Visual-motor skills and endurance may be developed through the use of specialized computer and optical devices, including therapeutic lenses, prisms, and filters. During the final stages of therapy, the patient's newly acquired visual skills are reinforced and made automatic through repetition and by integration with motor and cognitive skills.

Resources

books

Dyer, J. A., and D. A. Lee. Atlas of Extraocular Muscle Surgery. Westport, CT: Praeger Publishers, 1984.

Good, William V., and Craig S. Hoyt. Strabismus Management. Boston: Butterworth-Hienemann, 1996.

Roth, A., and C. Speeg-Schatz, eds. Eye Muscle Surgery. Lisse, The Netherlands: Swets & Zeitlinger, 2001.

Salmans, Sandra. Your Eyes: Questions You HaveAnswers You Need. Allentown, PA: People's Medical Society, 1996.

von Noorden, Gunter K. Binocular Vision and Ocular Motility: Theory and Management of Strabismus, 5th edition. St. Louis: Mosby-Year Book, 1996.

periodicals

Bosman, J., M. P. ten Tusscher, I. de Jong, J. S. Vles, and H. Kingma. "The Influence of Eye Muscle Surgery on Shape and Relative Orientation of Displacement Planes: Indirect Evidence for Neural Control of 3D Eye Movements." Strabismus 10 (September 2002): 199209.

Mayr, H. "Virtual Eye Muscle Surgery Based upon Biomechanical Models." Studies in Health and Technology Information 81 (2001): 305311.

Murray, T. "Eye Muscle Surgery." Current Opinion in Ophthalmology 11 (October 2000): 336341.

Rubsam, B., W. D. Schafer, B. Schulte, and N. Roewer. "Preliminary Report: Analgesia with Remifentanil for Complicated Eye Muscle Surgery." Strabismus 8 (December 2000): 287289.

Watts, J. C. "Total Intravenous Anesthesia Without Muscle Relaxant for Eye Surgery in a Patient with Kugelberg-Welander Syndrome." Anaesthesia 58 (January 2003): 96.

organizations

American Academy of Ophthalmology. 655 Beach Street, P.O. Box 7424, San Francisco, CA 94120-7424. <http://www.eyenet.org>.

American Academy of Pediatric Ophthalmology and Strabismus (AAPOS). <http://med-aapos.bu.edu>.

other

Olitsky, Scott E., and Leonard B. Nelson. Strabismus Web Book. <www.members.aol.com/scottolitsky/webbook.htm>.

Kellogg Eye Center: Eye Muscle Surgery. <www.kellogg.umich.edu/patient/surg/eyemuscle.html>.

Pediatric Ophthalmic Consultants Webpage: Strabismus Surgery. <www.pedseye.com/StrabSurg.htm>.


Lorraine Lica, PhD Monique Laberge, PhD

WHO PERFORMS THE PROCEDURE AND WHERE IS IT PERFORMED?


Eye muscle surgery is performed by surgeons with specialized training in eye surgery. These physicians are usually board-certified ophthalmologists and fellowship-trained pediatric and/or adult strabismus specialists.

The surgery is almost always performed as outpatient surgery ; that is, the patient comes into the hospital or day surgery facility the morning of the surgery and goes home the same day.

QUESTIONS TO ASK THE DOCTOR


  • What is the chance of needing a second operation?
  • What are the possible risks and complications?
  • Will I need eyeglasses?
  • How much eye muscle surgery do you perform each year?
  • Are there alternatives to surgery?
  • Is a patch worn after surgery?
  • Are there any scars after surgery?

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"Eye Muscle Surgery." Gale Encyclopedia of Surgery: A Guide for Patients and Caregivers. . Encyclopedia.com. 21 Aug. 2017 <http://www.encyclopedia.com>.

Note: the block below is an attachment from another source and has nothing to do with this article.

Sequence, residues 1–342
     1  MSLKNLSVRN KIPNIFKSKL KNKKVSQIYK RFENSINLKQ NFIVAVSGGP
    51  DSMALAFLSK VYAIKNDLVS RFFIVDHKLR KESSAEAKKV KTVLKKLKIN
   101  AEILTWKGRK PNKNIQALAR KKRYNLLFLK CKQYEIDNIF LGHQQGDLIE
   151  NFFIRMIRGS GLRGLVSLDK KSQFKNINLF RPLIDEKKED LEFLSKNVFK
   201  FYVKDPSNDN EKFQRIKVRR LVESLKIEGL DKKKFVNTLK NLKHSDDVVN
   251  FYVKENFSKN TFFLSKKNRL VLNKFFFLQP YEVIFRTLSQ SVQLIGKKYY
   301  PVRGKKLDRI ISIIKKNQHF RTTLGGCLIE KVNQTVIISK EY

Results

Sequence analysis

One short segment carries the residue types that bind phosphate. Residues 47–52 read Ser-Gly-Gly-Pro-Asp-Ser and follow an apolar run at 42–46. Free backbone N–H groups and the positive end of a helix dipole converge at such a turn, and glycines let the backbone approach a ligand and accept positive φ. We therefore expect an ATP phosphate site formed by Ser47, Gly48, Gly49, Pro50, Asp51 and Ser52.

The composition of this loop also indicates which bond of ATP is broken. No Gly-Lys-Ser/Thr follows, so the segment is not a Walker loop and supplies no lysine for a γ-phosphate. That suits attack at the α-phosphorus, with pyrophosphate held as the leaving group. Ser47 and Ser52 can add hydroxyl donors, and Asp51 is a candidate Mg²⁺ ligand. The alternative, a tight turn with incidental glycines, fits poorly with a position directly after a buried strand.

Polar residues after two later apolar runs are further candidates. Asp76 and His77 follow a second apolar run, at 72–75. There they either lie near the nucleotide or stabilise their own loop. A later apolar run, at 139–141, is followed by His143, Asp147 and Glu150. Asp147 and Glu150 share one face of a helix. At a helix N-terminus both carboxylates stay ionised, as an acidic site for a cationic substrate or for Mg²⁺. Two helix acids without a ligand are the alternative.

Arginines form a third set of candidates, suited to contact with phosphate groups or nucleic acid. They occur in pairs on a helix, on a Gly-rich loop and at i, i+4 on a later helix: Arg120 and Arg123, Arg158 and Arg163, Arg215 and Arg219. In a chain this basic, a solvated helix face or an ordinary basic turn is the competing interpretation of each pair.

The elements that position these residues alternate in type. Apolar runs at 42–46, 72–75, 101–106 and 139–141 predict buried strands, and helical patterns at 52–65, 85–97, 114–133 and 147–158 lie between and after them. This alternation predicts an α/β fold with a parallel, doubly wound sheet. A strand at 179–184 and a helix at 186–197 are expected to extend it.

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"Eye Muscle Surgery." Gale Encyclopedia of Surgery: A Guide for Patients and Caregivers. . Retrieved August 21, 2017 from Encyclopedia.com: http://www.encyclopedia.com/medicine/encyclopedias-almanacs-transcripts-and-maps/eye-muscle-surgery-0

Eye Muscle Surgery

Eye Muscle Surgery

Definition

Eye muscle surgery is surgery to weaken, strengthen, or reposition any of the muscles that move the eyeball (the extraocular muscles).

Purpose

The purpose of eye muscle surgery is generally to align the pair of eyes so that they gaze in the same direction and move together as a team, either to improve appearance or to aid in the development of binocular vision in a young child. To achieve binocular vision, the goal is to align the eyes so that the location of the image on the retina of one eye corresponds to the location of the image on the retina of the other eye.

In addition, sometimes eye muscle surgery can help people with other eye disorders (nystagmus and Duane syndrome, for example).

Precautions

Depth perception (stereopsis) develops around the age of three months old. For successful development of binocular vision and the ability to perceive three-dimensionally, the surgery should not be postponed past the age of four. The earlier the surgery the better the outcome, so an early diagnosis is important. Surgery may even be performed before two years old. After surgery, if binocular vision is to develop, corrective lenses and eye exercises (vision therapy) will probably be necessary.

Description

The extraocular muscles attach via tendons to the sclera (the white, opaque, outer protective covering of the eyeball) at different places just behind an imaginary equator circling the top, bottom, left, and right of the eye. The other end of each of these muscles attaches to a part of the orbit (the eye socket in the skull). These muscles enable the eyes to move up, down, to one side or the other, or any angle in between.

Normally both eyes move together, receive the same image on corresponding locations on both retinas, and the brain fuses these images into one three-dimensional image. The exception is in strabismus which is a disorder where one or both eyes deviate out of alignment, most often outwardly (exotropia) or toward the nose (esotropia). The brain now receives two different images, and either suppresses one or the person sees double (diplopia). This deviation can be adjusted by weakening or strengthening the appropriate muscles to move the eyes toward the center. For example, if an eye turns upward, the muscle at the bottom of the eye could be strengthened.